What Is a Collateralized Loan Obligation?

A collateralized loan obligation (CLO) is a type of special purpose vehicle that splits the risk of making a loan among a number of financial parties. The lender divides the loan into tranches, which are small slices of the overall loan. The tranches are then sold to investors and companies as a type of security. These companies have priorities on the debt based on the size or order of their respective tranches. If the loan goes into default, the businesses who have purchased the tranches lose money, while the lender loses nothing.

Structure of a CLO

A CLO is one of many types of collateralized debts sold as assets on the secondary loan market. The basic structure is the same across the multiple variations of these debts, including collateralized mortgage obligations. The lender initially assumes a high degree of risk by writing the loan. As investors step in and purchase parts of the loan, the lender assumes a lower and lower risk. Eventually, if the entire loan is purchased through tranches, the lender has no remaining risk in the loan. However, each individual or business who holds a tranche has a part of the risk.

CLOs and Systemic Risk

CLOs gained a bad reputation after the market crash of 2007. The process of divvying up loans, rather than reducing risk, simply spread the risk further throughout the market. Today, the term "systemic risk" is well-known as a way to describe the domino effect that can take place when one loan goes bad. Each of the investors in the loan loses money. On a large mortgage portfolio when a number of loans default at once, the investors in the portfolio can suffer a crippling loss. This is precisely what happened in 2007. Defaults began to occur at a very high ratio, and shortly thereafter, institutional investors across the board saw unprecedented losses to their portfolios.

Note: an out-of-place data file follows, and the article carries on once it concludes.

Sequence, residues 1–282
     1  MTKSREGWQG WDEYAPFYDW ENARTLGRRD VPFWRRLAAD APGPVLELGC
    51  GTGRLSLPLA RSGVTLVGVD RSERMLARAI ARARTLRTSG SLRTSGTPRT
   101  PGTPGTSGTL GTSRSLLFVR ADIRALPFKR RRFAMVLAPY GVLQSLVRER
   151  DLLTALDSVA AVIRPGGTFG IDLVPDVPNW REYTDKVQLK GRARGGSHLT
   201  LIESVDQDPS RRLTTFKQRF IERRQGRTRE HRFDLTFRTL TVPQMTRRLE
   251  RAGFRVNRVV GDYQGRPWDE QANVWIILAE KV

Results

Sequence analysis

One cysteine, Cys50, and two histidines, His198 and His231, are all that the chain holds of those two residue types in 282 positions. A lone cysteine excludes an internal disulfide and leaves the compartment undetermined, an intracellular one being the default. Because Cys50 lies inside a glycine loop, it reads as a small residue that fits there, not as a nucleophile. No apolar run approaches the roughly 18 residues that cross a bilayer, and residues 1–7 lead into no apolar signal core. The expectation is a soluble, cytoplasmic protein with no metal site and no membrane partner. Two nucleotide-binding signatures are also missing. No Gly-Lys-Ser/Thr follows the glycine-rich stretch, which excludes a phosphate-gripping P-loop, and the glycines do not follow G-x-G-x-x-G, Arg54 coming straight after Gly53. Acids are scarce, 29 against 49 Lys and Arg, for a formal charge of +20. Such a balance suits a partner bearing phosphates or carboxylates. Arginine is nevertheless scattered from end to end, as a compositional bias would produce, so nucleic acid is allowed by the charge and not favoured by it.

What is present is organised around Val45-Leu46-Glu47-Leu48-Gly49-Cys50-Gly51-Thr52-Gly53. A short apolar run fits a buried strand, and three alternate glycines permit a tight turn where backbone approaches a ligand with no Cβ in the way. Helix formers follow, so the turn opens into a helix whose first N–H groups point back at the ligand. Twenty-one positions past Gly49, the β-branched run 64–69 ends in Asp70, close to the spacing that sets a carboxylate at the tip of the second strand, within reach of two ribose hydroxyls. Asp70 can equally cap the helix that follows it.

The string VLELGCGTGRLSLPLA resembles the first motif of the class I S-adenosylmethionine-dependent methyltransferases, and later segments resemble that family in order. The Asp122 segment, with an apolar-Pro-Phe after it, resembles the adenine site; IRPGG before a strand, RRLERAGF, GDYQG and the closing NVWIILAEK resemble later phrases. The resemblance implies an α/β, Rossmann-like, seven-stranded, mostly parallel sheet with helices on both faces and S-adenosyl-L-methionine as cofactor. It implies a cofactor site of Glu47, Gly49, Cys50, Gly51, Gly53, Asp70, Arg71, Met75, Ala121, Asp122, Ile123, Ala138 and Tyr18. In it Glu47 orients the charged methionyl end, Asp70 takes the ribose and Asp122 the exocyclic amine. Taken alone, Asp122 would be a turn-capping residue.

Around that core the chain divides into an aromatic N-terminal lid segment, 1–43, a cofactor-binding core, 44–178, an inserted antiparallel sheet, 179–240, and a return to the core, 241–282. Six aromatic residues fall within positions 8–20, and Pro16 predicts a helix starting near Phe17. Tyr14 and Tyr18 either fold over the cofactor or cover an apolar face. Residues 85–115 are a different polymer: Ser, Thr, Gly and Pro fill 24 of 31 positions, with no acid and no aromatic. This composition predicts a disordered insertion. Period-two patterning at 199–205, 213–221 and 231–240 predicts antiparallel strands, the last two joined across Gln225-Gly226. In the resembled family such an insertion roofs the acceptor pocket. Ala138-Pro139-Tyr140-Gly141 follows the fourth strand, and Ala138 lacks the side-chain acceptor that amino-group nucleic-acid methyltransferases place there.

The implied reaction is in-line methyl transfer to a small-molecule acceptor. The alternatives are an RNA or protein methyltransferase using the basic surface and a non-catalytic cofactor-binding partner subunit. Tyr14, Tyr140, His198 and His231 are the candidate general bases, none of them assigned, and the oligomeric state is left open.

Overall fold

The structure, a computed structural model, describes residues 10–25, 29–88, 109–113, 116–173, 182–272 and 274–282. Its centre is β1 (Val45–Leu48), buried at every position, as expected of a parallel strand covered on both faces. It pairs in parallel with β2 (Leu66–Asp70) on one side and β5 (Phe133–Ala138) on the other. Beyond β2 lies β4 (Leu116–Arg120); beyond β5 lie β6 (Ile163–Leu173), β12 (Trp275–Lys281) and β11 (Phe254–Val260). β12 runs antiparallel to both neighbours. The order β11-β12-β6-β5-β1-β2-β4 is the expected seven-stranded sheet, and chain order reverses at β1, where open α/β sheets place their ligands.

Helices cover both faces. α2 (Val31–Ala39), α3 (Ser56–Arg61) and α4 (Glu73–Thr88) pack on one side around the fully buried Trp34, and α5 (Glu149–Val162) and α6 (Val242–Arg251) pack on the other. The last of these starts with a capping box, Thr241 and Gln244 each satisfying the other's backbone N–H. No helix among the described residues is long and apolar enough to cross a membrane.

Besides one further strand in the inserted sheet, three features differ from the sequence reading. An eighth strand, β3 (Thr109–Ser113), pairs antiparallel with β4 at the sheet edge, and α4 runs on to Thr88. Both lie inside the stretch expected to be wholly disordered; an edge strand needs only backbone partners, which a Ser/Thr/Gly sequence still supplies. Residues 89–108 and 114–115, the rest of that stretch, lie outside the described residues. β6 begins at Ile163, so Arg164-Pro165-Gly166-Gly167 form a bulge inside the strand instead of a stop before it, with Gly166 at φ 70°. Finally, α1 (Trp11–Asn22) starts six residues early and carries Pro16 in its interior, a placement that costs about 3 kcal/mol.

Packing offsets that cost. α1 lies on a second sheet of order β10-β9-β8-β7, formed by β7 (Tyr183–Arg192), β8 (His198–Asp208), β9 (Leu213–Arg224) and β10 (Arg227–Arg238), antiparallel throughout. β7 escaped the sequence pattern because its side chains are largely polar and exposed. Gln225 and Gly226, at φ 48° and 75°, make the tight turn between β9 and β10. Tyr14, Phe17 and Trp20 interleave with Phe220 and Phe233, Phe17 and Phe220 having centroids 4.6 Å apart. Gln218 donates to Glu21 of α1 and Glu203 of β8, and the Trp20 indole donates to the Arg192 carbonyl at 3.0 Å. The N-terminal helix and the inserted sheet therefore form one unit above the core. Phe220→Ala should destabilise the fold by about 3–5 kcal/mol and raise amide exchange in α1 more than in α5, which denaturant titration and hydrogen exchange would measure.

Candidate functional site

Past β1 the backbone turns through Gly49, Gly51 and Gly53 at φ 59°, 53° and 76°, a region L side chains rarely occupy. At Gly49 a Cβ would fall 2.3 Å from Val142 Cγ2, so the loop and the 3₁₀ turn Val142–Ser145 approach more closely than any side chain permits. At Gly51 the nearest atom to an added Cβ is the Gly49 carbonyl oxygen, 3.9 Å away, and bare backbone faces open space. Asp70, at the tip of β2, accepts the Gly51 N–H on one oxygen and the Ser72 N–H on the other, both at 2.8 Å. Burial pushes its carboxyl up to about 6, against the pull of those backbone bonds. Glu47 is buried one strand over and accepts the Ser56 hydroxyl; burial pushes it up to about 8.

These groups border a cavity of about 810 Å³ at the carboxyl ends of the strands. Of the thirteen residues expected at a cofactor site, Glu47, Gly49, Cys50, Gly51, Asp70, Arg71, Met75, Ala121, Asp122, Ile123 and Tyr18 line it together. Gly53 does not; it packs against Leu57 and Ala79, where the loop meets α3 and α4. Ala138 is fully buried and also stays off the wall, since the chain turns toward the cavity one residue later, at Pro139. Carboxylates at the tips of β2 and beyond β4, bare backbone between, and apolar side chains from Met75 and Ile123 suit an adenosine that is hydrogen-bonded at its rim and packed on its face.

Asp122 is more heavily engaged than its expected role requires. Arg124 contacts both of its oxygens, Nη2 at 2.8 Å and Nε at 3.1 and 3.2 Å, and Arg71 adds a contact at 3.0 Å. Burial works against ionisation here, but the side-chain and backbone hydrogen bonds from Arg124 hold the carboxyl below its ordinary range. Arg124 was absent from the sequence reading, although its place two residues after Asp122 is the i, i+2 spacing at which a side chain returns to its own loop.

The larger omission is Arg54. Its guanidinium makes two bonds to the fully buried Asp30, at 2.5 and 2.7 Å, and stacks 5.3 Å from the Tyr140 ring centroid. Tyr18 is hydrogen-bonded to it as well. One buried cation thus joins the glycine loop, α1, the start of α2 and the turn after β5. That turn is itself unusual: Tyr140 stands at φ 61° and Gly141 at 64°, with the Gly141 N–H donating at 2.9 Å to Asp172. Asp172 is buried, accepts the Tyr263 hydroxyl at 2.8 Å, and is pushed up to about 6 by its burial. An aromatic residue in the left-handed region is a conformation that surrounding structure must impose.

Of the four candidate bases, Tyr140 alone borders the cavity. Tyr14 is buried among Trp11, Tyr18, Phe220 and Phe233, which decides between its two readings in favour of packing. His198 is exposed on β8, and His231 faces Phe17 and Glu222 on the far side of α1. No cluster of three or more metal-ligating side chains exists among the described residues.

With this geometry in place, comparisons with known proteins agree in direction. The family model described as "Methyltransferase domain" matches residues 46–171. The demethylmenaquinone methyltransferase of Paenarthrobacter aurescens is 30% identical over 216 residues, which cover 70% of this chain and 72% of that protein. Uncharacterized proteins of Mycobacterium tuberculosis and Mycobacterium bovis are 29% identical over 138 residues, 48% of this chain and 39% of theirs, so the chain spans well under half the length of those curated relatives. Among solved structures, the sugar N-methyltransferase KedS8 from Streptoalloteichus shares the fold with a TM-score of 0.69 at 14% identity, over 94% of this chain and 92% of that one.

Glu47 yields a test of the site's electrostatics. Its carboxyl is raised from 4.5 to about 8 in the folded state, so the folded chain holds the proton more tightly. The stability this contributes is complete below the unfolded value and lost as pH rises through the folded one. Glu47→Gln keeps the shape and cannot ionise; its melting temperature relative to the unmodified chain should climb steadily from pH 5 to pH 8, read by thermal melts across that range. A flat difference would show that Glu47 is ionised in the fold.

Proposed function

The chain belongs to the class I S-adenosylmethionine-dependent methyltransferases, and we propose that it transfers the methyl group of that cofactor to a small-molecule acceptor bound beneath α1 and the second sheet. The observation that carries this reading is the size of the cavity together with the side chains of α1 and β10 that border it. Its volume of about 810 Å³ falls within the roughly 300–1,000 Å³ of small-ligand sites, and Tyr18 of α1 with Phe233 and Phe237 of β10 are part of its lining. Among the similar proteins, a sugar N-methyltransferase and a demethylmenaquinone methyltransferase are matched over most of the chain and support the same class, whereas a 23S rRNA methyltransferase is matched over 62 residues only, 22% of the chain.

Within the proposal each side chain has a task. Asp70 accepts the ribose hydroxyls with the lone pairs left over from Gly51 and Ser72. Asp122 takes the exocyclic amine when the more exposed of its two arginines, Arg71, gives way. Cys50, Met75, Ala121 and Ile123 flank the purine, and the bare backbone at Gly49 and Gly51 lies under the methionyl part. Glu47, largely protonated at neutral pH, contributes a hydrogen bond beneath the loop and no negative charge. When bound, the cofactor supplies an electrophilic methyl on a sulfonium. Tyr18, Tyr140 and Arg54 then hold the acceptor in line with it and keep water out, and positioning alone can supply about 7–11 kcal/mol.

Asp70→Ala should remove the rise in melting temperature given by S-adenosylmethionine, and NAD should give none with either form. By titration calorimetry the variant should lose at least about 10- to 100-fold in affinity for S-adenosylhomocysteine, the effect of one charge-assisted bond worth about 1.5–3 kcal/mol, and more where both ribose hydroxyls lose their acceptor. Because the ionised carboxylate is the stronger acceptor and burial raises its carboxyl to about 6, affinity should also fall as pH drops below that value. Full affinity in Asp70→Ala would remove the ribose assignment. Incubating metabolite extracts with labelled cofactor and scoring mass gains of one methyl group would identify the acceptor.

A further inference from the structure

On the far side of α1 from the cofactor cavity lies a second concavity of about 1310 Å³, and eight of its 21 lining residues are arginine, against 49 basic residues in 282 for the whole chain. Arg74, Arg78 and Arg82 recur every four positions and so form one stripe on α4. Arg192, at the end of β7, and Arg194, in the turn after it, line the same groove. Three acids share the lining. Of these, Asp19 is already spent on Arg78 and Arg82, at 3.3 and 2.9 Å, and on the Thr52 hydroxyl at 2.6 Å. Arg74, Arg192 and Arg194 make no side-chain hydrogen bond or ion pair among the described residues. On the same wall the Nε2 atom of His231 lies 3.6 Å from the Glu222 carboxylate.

Curbing Systemic Risk

In response to the CLO and systemic risk crisis of 2007, new financial regulations govern the divvying up of loans into smaller portions. Namely, a number of financial institutions are prohibited from investing in CLO portfolios. Further, lenders must make disclosures about the risk of a loan prior to offering tranches in the loan for sale. For example, a sub-prime loan should not be offered as a low-risk investment when the lender feels there is a relatively high chance the loan will move into default. 

CLOs and the Borrower

If your loan was sold off as a CLO, you will have no real impact as a borrower. You will make payments to the initial lender. It is the lender's responsibility to pay the investors. The only challenge may come if the lender goes out of business. In this case, the loans the lender is collecting will be purchased by a new finance company. This company will have the responsibility of paying owners of any tranches when you make payments on your loan. If there is a delay before a new owner purchases the loan, the investors will lose money, but the borrower is not responsible for paying them directly.

blog comments powered by Disqus